To make the grant writing process easier, it helps to do prep work to reduce the amount of research, writing, and information gathering required once the proposal process begins.
The required elements of a grant proposal vary by funder. However, some pieces of information (or “boilerplate”) are basic ingredients of almost all proposals. Proposal guidelines are recipes, to use a cooking analogy, and the items below are staples that you should always have stocked in your informational pantry.
Common Grant Proposal Pieces
Organizational mission statement (1/2 to 1 page)
Overview of the organization (goals, history, significant accomplishments, 1-2 pages)
Capability statement (1/2 to 1-page summary of the organization’s expertise)
Organizational structure (organizational chart or diagram)
Also useful to have on hand are the following supporting materials. Most of these materials will end up in the proposal's annex. For many grant applications, the annex materials will not be counted against the proposal's page limits.
Supporting Materials to Collect for the Proposal Annex
List of current projects (include the project period, a brief description of each project, and the funding source presented in the form of a table)
Past projects (list of projects funded over the last five years, including funding, brief description, and partners)
Bios of organization's senior leaders (president, VPs, directors, etc.)
Resumes of senior leaders (3-4 pages each)
Resumes of senior technical staff (2-3 pages each)
List of current board members (name, degrees, job titles)
List of partners (generally these will be organizations, but it is also good to track any small businesses you partner with, particularly women- or veteran-owned businesses)
Certificate of nonprofit status
Most recent tax filling (e.g., Form 990 for US-based organizations)
Copies of annual reports and publications (preferably electronic versions)
You may want to consolidate copies of each of the items above (boilerplate plus supporting materials) into a single e-folder labeled "proposal elements" or something similar. You may also want to create separate folders to collect the resumes of current staff, copies of job descriptions for senior positions, and past project reports. Whether you need to create a new filing system for these items depends in part on how your organization currently stores information and if it is easily accessible. As long as you know where to find them, you may not need to store copies of the materials in a dedicated proposal folder. For example, your HR department may keep copies of current resumes and job descriptions that you can request on an as-needed basis.
Having the information above on hand and easily accessible will save time during the proposal-writing period. Instead of having to pull things together from scratch for each proposal, you can adapt the archived information to fit the current opportunity.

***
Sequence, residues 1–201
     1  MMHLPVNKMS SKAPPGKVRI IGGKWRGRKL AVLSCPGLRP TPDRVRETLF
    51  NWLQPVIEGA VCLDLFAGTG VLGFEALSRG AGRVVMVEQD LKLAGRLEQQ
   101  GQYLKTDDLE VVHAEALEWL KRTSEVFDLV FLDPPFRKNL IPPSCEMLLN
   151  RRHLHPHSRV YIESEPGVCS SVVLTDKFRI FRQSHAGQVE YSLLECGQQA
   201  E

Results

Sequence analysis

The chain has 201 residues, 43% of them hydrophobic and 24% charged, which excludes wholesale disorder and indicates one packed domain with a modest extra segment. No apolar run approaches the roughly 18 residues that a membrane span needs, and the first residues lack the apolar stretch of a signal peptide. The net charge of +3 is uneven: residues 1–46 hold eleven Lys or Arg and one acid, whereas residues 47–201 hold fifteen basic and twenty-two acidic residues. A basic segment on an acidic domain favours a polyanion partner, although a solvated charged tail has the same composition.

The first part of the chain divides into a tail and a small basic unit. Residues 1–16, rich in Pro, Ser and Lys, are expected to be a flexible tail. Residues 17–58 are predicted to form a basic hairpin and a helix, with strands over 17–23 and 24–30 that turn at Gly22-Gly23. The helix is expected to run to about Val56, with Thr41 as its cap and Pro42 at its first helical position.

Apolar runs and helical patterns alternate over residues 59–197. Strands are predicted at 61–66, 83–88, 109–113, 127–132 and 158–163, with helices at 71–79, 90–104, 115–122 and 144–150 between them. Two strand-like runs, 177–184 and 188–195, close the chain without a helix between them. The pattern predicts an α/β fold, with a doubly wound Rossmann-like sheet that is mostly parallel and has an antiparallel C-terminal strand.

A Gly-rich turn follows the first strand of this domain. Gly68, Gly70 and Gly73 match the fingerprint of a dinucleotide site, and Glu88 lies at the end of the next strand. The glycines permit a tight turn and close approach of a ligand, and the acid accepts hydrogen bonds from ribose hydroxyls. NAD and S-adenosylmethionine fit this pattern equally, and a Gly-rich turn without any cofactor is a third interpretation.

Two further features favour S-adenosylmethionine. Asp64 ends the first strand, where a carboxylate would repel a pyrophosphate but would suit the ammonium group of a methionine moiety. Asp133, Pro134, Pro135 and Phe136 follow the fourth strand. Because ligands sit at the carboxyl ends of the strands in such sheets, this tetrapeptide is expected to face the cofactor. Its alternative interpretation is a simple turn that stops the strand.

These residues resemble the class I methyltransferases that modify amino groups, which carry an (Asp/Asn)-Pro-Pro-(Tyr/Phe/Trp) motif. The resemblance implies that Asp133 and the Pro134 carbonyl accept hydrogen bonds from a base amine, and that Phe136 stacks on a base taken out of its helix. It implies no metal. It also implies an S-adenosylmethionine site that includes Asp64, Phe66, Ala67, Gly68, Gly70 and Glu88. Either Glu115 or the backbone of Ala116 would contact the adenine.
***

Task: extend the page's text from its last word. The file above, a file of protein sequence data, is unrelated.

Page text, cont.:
Keeping Information Current
After you have prepared and collected the boilerplate text and supporting materials, you will need to create a schedule to keep everything current. If you do not have a plan to review and update the materials on a regular basis, within a matter of months they may become outdated and lose their value. At a minimum, the proposal ingredients should be reviewed annually. You may find you need to update them more frequently. How often you may need to review the materials will depend on factors such as the frequency of staff and board member turnover and the rate at which new funding and projects flow in and out of your organization.
As with other “living documents,” it is essential to record the date of the last review so you can easily identify the current version. You may also want to keep track of who reviewed what, when. One way to do this would be to create an Excel spreadsheet to track the materials in your proposal kit along with any edits made over time. The spreadsheet could list the name of each document, when it was last reviewed, who completed the review, and a summary of any changes made. While this may seem like a lot of information to collect, it can be a valuable resource when the institutional memory fades and there is confusion about what was updated.
Storage Options for Boilerplate Text
Storing proposal pieces on a shared drive is preferable to storing them on a computer’s hard drive. If the documents are on a shared drive, not only are they more accessible to others working on proposals but also a shared drive often offers more secure storage.
If you do not have access to a shared drive or a Web-based tool such as Microsoft’s SharePoint, consider exploring online storage options such as Dropbox. However, before storing anything with a third-party service, first confirm that doing so will not be in violation of any organizational policies. Finally, if you end up using an external storage service such as Dropbox or Box, you will need to arrange for others at your organization to have access to the account (i.e., do not use a personal Dropbox account!).